• “More than 16 million people in roughly one in three counties would have limited or no physical access to mainstream banking services without the presence of community banks.”
  • “The relationships we have with our customers … of helping them with their dreams of new homes, of new business opportunities, of building the future for all of us … it’s the ultimate collaboration, inspiring the very lifeblood of our communities. That is who we are.”
  • “Every community deserves an independent community bank invested in and dedicated to its successful future, and all Americans deserve to have a community banker on their side.”

“I think there’s an incredible opportunity for us to define more what being a community banker is,” Romero Rainey says. “And so, what does that look like for community bankers? It’s getting out into the local high schools and participating in the career fairs and being very deliberate in the comments about defining what it means to be a community banker, not just a banker. The potential for impact that you can make in the community, the potential to learn different skill sets—I think that’s something that is often overlooked.”

The next generation
She also wants to give young people more chances to engage with the industry firsthand. Romero Rainey cites an annual Conference of State Bank Supervisors case study that invites students from several colleges and universities to study a community bank and talk about its activities and business model. She encourages community bankers to offer internships that give students a glimpse of life as a community banker. “[Internships have] always been something I believe very strongly in from a mentoring perspective,” she says. “There’s also some reality in terms of the tasks that we do that a part-time high school or college student can be very helpful with, whether it’s getting projects done, training on the teller line or helping some of the other bank employees to engage with technology.”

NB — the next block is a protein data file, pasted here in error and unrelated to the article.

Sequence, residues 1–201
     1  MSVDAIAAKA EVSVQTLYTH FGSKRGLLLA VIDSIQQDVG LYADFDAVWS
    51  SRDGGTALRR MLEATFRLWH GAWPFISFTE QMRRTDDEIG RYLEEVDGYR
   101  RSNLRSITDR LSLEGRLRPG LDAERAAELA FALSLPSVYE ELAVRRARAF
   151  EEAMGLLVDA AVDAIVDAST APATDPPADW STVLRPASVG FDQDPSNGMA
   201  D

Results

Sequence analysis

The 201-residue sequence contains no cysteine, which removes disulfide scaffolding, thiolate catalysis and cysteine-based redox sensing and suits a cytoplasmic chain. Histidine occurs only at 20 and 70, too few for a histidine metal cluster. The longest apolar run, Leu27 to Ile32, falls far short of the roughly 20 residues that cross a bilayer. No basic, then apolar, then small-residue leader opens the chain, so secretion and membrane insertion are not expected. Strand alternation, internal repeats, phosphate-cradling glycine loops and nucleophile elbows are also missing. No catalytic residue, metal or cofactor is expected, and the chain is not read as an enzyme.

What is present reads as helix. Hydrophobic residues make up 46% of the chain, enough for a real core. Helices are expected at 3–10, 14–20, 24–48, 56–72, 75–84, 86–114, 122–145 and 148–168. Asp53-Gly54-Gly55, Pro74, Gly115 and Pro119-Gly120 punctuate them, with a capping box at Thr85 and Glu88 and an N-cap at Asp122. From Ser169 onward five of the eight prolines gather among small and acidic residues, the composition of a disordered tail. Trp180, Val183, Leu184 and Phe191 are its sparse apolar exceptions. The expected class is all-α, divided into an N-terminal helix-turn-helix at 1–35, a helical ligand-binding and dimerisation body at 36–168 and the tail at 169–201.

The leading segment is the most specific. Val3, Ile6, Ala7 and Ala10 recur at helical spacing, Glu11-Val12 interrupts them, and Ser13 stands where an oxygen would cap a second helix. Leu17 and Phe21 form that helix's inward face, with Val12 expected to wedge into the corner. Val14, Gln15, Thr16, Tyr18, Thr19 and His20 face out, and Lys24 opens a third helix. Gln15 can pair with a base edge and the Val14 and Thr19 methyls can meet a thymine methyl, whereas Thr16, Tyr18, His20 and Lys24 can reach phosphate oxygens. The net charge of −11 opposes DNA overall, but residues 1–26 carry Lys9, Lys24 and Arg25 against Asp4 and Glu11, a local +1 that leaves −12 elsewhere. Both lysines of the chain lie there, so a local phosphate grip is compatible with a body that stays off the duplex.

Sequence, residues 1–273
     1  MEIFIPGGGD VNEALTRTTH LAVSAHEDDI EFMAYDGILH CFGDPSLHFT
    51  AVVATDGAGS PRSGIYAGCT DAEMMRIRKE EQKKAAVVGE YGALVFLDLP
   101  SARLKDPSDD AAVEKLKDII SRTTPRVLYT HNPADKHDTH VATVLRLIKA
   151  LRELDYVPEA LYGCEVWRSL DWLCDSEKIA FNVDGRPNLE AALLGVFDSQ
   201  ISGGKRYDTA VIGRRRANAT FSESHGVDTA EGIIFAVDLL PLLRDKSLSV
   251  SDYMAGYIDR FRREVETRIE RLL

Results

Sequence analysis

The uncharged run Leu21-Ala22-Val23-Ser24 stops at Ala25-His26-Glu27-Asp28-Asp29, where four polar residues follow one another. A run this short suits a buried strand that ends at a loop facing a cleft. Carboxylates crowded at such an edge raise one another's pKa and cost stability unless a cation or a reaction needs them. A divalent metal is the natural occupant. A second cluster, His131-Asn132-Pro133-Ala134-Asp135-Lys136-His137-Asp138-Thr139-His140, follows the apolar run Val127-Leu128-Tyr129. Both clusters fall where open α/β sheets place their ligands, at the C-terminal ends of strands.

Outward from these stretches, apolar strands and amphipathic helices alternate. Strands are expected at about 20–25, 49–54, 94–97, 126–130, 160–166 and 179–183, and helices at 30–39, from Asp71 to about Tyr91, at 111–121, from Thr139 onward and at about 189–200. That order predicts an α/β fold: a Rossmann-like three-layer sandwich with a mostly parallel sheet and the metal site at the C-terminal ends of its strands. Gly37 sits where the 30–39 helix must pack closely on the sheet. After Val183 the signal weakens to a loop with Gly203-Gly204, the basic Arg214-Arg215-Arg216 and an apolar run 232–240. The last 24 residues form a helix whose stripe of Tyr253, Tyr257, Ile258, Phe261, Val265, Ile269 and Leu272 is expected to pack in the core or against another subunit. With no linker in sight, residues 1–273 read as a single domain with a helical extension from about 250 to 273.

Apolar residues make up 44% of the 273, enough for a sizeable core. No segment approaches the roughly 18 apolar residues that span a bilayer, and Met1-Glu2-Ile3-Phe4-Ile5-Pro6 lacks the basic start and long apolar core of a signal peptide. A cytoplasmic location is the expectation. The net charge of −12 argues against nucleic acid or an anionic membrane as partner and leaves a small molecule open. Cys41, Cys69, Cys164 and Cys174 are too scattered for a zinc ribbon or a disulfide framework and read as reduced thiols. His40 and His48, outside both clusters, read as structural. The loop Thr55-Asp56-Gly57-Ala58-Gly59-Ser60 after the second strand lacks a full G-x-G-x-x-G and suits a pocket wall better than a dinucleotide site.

In terms of her leadership style, Romero Rainey says she is a collaborator who enjoys bringing multiple ideas into a conversation. “I firmly believe that the ability to come up with these solutions for our challenges and opportunities is a collaborative process,” she says. “I love to listen and really, as a leader, think it’s imperative that I understand what the challenges are before we do anything else.”

The third-generation community banker already has a keen understanding of many of those challenges. “I know what the impact of regulation is, I know what the challenges are as it relates to grooming that next generation of leadership,” she says. “I understand, I relate, and I can bring that with me to Washington.”

Romero Rainey is most excited to work with fellow ICBA staff to help the industry and the association to continue to thrive. She hopes her love of her career will help inspire a continued passion within ICBA that will help it excel in its mission. And she will measure her own success in the role by the same metrics that gauge the vitality of the community banking industry: its long-term performance.

Romero Rainey says her life’s work is to achieve ICBA’s mission.

“My life’s work is to ensure that everything we do contributes to creating and promoting an environment where community banks flourish,” she says. “I look forward to developing a framework with my team that helps us gauge our success and highlight the future needs and challenges of our members.”

Striking a balance

In her busy life as a leader, wife, mother and volunteer, Rebeca Romero Rainey’s balance-seeking strategy is to take things one day at a time but to measure balance over time and not daily.

“No day is perfect, but every day gives me an opportunity to learn, grow and interact with those I enjoy spending time with,” she says. “The life lessons, moments and opportunities I experience and cherish ultimately make me better at everything I do.” Her roles also tend to benefit one another. For example, Romero Rainey says, “As we at ICBA talk more about bringing up the next generation of community bankers and advocates, I’m so glad that my daughters have an opportunity to see what this great industry is all about and how it makes a positive difference in this world.

Romero Rainey in Taos, N.M., with her husband, John, and their two daughters.

“The important values I’m able to instill in my children by doing the critical mission-driven work I do also helps me find balance.”

She adds that a strong familial support system is key. “If I need help, I ask for it,” she says. “Our family is all in this together, and one person’s success is our family’s success. When I was asked to consider the role of ICBA president and CEO, our family made the decision together. John and I sat down with our girls, and we talked about the opportunity, what it would mean and if it was something we wanted to pursue.

“I’m so proud that we made this decision together, because it makes the ICBA mission a family mission.”


Andrea Lahouze is deputy editor of Independent Banker.